A mani-pedi primer
Mani-pedi (hand and foot care) isn't just for metrosexuals. Men who work hard and play hard need to pamper their hardworking hands and feet to keep them healthy.
If your hands are as rough as sandpaper and you have calluses sharp enough to tear open the mail, do you really wonder why your best come-hither look sometimes falls flat? And does one glance at those feet of yours have the object of your affection running in the other direction?
Skin care can be manly
Yes, men should be men. But they should also have welcoming hands and well-cared-for feet. Have no fear, fellas. You can be well-groomed and manly at the same time. Here’s a primer.
No one likes it rough
To soften hands’ hard edges, use a body scrub in the shower to gently exfoliate dry skin. Regularly moisturising your nails and cuticles with lotions containing natural lactic, glycolic or malic acid can help keep hands supple.
Soak fingertips in warm, soapy water to soften cuticles, then use an orange stick (a wooden manicure tool) to gently push cuticles back. Dry hands thoroughly. Yes, you do need to file your nails after you trim them, otherwise your loving caress could leave a scratch. File in one direction, to the shape of the finger. For fancy occasions, use a buffer to shine the tops of the nails on your fingers.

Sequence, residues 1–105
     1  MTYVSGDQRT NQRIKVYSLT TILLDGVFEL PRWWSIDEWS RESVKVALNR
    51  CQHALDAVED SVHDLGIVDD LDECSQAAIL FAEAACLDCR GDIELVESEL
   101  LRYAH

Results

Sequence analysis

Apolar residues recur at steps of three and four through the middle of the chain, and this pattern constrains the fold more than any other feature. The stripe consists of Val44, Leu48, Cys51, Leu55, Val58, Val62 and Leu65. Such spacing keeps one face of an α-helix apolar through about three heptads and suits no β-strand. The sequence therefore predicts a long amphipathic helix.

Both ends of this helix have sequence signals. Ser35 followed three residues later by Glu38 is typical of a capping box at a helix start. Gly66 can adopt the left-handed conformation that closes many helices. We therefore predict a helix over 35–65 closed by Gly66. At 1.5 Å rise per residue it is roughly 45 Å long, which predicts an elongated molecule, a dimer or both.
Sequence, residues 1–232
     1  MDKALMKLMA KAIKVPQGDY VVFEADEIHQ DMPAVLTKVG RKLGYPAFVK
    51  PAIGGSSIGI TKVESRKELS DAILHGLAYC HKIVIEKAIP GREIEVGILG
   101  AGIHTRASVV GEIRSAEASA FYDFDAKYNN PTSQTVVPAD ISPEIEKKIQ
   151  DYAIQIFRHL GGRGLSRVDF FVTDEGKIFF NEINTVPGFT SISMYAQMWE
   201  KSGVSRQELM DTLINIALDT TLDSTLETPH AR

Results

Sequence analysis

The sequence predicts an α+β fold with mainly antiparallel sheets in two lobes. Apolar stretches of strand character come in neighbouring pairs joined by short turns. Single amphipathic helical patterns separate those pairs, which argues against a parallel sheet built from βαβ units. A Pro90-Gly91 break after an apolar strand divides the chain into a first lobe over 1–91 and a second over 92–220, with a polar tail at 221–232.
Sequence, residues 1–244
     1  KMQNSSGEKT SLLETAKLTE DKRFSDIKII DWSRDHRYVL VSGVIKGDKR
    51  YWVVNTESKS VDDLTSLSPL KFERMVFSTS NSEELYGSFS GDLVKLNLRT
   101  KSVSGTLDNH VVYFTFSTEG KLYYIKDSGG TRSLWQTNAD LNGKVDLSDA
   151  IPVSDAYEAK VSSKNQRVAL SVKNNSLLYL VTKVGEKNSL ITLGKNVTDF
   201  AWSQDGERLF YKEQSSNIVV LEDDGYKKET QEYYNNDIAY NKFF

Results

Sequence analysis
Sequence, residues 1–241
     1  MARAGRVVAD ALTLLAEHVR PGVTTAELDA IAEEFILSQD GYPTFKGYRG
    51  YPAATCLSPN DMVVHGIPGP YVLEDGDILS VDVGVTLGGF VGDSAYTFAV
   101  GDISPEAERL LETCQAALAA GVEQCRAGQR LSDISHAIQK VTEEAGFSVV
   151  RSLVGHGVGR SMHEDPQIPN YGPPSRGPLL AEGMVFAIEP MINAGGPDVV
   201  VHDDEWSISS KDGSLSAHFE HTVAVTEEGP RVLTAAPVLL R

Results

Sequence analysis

Dehydrated cuticles cause tiny pieces of skin to break near the side of your nail and, because they’re attached to living skin, they can be painful. For prevention, keep cuticles properly moisturised by massaging them nightly with jojoba or vitamin E oil.
Avoid biting or picking hangnails, as this can lead to tearing and infection. Instead, use nail scissors to snip off dead skin, being careful not to cut too close.
If your job keeps your hands frequently immersed in water or in contact with chemicals, you’re at risk of a fungal, bacterial or yeast infection called paronychia. Aggressive nail biters are also susceptible. This infection occurs when organisms enter a gap between the nail and the surrounding skin.